- Released: June 9, 1998
- Label: Polygram Records
- 1.My Funny Valentine
- 2.I Fall In Love Too Easily
- 4.Baby, Won't You Please Come Home
- 5.This Hotel
- 6.I Got Plenty O' Nuttin'
- 7.Basin Street Blues
- 8.My Man's Gone Now
- 9.Blue In Green
Personnel: Shirley Horn (vocals, piano); Roy Hargrove (trumpet, flugelhorn); Toots Thielemans (harmonica); Charles Ables, Ron Carter (bass); Steve Williams, Al Foster (drums).
Recorded at Clinton Recording Studios, New York, New York from December 2-5, 1997.
I REMEMBER MILES won the 1999 Grammy Award for Best Jazz Vocal Performance.
Personnel: Shirley Horn (vocals, piano); Toots Thielemans (harmonica); Buck Hill (tenor saxophone); Roy Hargrove (trumpet, flugelhorn); Steve Williams , Steve Williams , Al Foster (drums).
Audio Mixer: Dave Baker .
Liner Note Author: Ira Gitler.
Recording information: Clinton Recording Studios, New York, NY (12/02/1997-12/05/1997).
Illustrator: Miles Davis.
Arranger: Shirley Horn.
This stunning album is Shirley Horn's loving tribute to her friend and colleague, the legendary late Miles Davis. Davis was so taken by Horn's first album EMBERS AND ASHES that he forced The Village Vanguard to let her virtually-unknown trio open for him during his 1961 run there. Their friendship and admiration for each other's music lasted through the years, and Shirley Horn's 1991 recording YOU WON'T FORGET ME, was one of the last recordings Miles Davis made.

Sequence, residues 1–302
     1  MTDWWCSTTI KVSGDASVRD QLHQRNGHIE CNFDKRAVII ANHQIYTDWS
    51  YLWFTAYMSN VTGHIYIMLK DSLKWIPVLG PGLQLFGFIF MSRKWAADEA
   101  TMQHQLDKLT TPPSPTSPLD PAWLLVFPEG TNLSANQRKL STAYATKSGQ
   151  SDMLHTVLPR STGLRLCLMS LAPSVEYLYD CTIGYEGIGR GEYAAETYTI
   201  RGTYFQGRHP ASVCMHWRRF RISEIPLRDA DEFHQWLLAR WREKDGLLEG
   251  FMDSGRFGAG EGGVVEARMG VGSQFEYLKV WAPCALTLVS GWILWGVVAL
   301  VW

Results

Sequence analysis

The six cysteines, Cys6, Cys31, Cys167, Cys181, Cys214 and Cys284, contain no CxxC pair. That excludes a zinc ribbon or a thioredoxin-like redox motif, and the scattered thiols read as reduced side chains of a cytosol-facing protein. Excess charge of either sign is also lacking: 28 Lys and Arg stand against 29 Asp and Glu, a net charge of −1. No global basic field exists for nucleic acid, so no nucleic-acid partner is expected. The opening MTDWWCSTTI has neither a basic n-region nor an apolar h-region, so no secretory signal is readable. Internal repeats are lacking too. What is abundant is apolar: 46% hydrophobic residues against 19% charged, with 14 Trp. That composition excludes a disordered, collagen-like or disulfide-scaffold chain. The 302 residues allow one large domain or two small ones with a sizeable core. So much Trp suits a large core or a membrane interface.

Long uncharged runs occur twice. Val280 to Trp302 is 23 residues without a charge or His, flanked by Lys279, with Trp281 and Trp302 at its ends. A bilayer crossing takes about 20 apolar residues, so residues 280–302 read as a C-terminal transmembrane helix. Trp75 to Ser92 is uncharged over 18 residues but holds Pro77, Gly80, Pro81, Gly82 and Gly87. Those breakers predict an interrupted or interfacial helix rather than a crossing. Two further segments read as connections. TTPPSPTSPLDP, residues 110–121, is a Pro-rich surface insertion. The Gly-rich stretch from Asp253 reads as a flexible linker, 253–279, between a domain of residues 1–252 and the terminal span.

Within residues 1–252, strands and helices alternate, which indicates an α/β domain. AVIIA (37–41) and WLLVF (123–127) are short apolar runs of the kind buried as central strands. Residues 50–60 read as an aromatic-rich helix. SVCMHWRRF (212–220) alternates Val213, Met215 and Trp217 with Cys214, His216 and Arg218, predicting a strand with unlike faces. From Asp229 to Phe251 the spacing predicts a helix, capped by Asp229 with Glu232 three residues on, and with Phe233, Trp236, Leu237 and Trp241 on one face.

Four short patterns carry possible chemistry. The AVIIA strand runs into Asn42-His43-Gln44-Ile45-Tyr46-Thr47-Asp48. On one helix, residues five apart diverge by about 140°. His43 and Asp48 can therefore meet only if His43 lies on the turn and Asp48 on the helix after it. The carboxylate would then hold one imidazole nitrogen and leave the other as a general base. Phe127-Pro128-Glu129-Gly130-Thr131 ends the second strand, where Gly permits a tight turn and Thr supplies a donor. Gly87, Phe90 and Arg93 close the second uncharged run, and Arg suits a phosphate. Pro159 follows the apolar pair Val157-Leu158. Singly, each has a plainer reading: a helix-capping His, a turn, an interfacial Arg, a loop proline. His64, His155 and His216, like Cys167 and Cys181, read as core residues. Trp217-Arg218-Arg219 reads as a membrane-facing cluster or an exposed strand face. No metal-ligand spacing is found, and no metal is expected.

Horn selected mostly ballads from Davis' Columbia Records catalogue for her tribute because, as she explains in the liner notes, Davis liked her to sing ballads, and ballads are Horn's specialty. She can slow down time in a unique and spellbinding way. Her sultry and smoky vocals are intimate and conversational, relying on odd metered timing and silence, rather than volume, to make an emotional point.
This album's knock out punch is the epic (over 10 minutes long) "My Man's Gone Now" performed in an uncharacteristically (for Horn) abstract style with a double rhythm section and Roy Hargrove wailing and soaring on the trumpet. This may well be one of the greatest tracks Horn ever recorded.